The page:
Senate Proposals for Health Care Reform Released
President Obama’s proposals for health care reform includes a public system to compete with private health insurance. Democrats in the Senate have a different set of ideas. On June 9th the Senate Health, Education, Labor and Pensions (HELP) Committee formally announced its broad healthcare reform proposal, called the “Affordable Health Choices Act.”
The bill includes:
- The creation of navigators, or associations and membership organizations that assist individuals and businesses in the use of the Gateways. This is similar to language used in the SHOP Act. (Title I, Subtitle B)
- Limitations on health status ratings within a geographic region based only on family composition, the value of the benefits package, and age (no more than 21). (Title I, Subtitle A)
- The creation of Affordable Health Benefit Gateways in each state, or insurance exchanges at the state level. If a state fails to establish a Gateway, the Secretary of Health and Human Services is required to create an exchange in that state. States can form regional Gateways in multiple states. (Title 1, Subtitle B)
- Expansion of Medicaid eligibility based on the recommendations of the Senate Finance Committee. (Title I, Subtitle B)
- Tax credits for small business under 25 or fewer employees, and whose average wages are under $40,000 per year. (Title I, Subtitle C)
- A variety of wellness encouragement programs, such as requiring some restaurants to post caloric count of foods and expansion of loan forgiveness programs for medical specialists. (Title III)
Travel Promotion Act Would Boost Economy and Lower Budget Deficit According to CBO
The US Travel Association estimates that the TPA, S. 1023, would generate $4 billion in new spending on travel in the U.S. each year and create 40,000 new jobs in the first year. “These are new dollars that America can no longer afford to live without,” the industry’s letter to the Senate said. “It is time to start competing for foreign visitors and to use international travel to the United States as an economic solution.”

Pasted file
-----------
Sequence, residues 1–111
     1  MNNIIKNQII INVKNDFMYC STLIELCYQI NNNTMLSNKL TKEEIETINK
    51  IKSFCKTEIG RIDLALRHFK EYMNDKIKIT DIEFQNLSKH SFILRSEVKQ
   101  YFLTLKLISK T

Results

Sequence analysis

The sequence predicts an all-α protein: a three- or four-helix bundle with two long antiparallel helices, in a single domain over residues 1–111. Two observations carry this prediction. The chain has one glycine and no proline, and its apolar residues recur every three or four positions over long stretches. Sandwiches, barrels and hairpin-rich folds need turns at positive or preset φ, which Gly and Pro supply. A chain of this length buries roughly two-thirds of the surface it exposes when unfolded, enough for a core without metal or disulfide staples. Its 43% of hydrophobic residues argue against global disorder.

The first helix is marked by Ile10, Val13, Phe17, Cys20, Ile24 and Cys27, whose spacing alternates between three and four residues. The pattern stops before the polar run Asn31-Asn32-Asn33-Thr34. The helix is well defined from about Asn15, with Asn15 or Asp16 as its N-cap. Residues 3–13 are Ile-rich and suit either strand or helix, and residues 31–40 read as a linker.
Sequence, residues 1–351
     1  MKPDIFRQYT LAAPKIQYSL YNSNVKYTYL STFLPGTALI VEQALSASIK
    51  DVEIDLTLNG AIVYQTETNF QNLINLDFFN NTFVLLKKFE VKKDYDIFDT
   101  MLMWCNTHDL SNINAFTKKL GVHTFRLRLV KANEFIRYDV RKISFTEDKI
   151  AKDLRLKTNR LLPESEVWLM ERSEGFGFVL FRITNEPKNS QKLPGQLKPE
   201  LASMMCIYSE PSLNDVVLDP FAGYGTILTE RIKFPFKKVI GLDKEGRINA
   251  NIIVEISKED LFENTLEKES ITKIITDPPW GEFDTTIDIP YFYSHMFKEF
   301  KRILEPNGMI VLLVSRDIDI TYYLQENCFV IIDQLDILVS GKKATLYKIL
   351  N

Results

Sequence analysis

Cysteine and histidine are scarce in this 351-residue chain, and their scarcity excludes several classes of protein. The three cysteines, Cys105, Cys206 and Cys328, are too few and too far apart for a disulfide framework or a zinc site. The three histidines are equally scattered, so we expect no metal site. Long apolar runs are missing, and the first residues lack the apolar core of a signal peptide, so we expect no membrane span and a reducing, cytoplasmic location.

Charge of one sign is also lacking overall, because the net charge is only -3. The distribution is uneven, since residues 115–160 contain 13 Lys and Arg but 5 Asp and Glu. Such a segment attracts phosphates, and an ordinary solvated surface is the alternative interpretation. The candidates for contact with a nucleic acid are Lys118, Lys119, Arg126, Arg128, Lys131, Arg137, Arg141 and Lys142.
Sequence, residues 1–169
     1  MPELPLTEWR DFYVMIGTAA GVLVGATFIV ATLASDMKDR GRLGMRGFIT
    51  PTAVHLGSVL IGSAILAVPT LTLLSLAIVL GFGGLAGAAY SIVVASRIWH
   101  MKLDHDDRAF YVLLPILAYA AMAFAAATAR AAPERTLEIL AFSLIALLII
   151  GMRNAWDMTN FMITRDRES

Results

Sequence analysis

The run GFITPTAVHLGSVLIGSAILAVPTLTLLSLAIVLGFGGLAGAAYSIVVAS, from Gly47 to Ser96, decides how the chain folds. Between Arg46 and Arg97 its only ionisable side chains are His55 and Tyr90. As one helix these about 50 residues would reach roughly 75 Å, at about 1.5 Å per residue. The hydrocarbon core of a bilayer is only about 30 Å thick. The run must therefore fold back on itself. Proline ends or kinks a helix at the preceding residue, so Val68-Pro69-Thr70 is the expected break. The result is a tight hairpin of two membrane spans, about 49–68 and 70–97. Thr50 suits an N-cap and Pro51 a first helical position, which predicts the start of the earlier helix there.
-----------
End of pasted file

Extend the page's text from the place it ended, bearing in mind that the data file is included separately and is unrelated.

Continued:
Boosting the bill’s chances for passage is a report from the Congressional Budget Office (CBO) this week estimating that the Travel Promotion Act would reduce budget deficits by $425 million over the 2010-2019 period. About 35 Senators are co-sponsoring the bill.
The bill creates a corporation with a board made up of representatives from the travel industry. It will oversee a $200 million fund to promote international travel to the U.S. $100 million would come from fees collected from travelers through the Visa waiver program. Another $100 million (match) would come from assessments from the travel industry. Of that $80 million could be in-kind although the amount of in-kind accepted by the board may vary. The assessment authority is one of the few controversial elements of the bill, since some industry segments which do not benefit from international travel, may be assessed although the amounts should be small at least initially. Assessments would be approved by referendum with voting weighted toward industry segments with the highest percentage of international visitors. The method for collecting assessments will have to be worked out after passage of the bill, which is currently on a fast track with support from Senate Majority Leader, Senator Reid.
One key issue long term, assuming the bill passes, is to ensure that the $100 million generated by the $10 tacked onto the Visa waiver authorizations does not get diverted to deficit reduction or other purposes deemed more noble than travel promotion.
American Recovery Act (ARC) Small Business Loans Up for Grabs But Not Expected to Help Many Businesses Due to Limited Number Available and Questionable Lender Support
Yesterday, a hearing before the House Committee on Small Business heard complaints from small businesses about the lack of financing and the difficulty in obtaining SBA financing. Rep. Nydia M. Velázquez (D-NY), the chairwoman of the House Committee on Small Business, said SBA has not done its job of providing capital and loans when private capital is scarce. Unfortunately, many banks are under such intense scrutiny from the FDIC and concerned about their existing loan portfolio that they have chosen not to participate in SBA loan programs.
On June 15, SBA will start issuing ARC loans up to $35,000 to 10,000 small businesses. The Wall Street Journal reports on the Pros and Cons of the ARC program. http://online.wsj.com/article/SB124458265906299453.html?mod=dist_smartbrief
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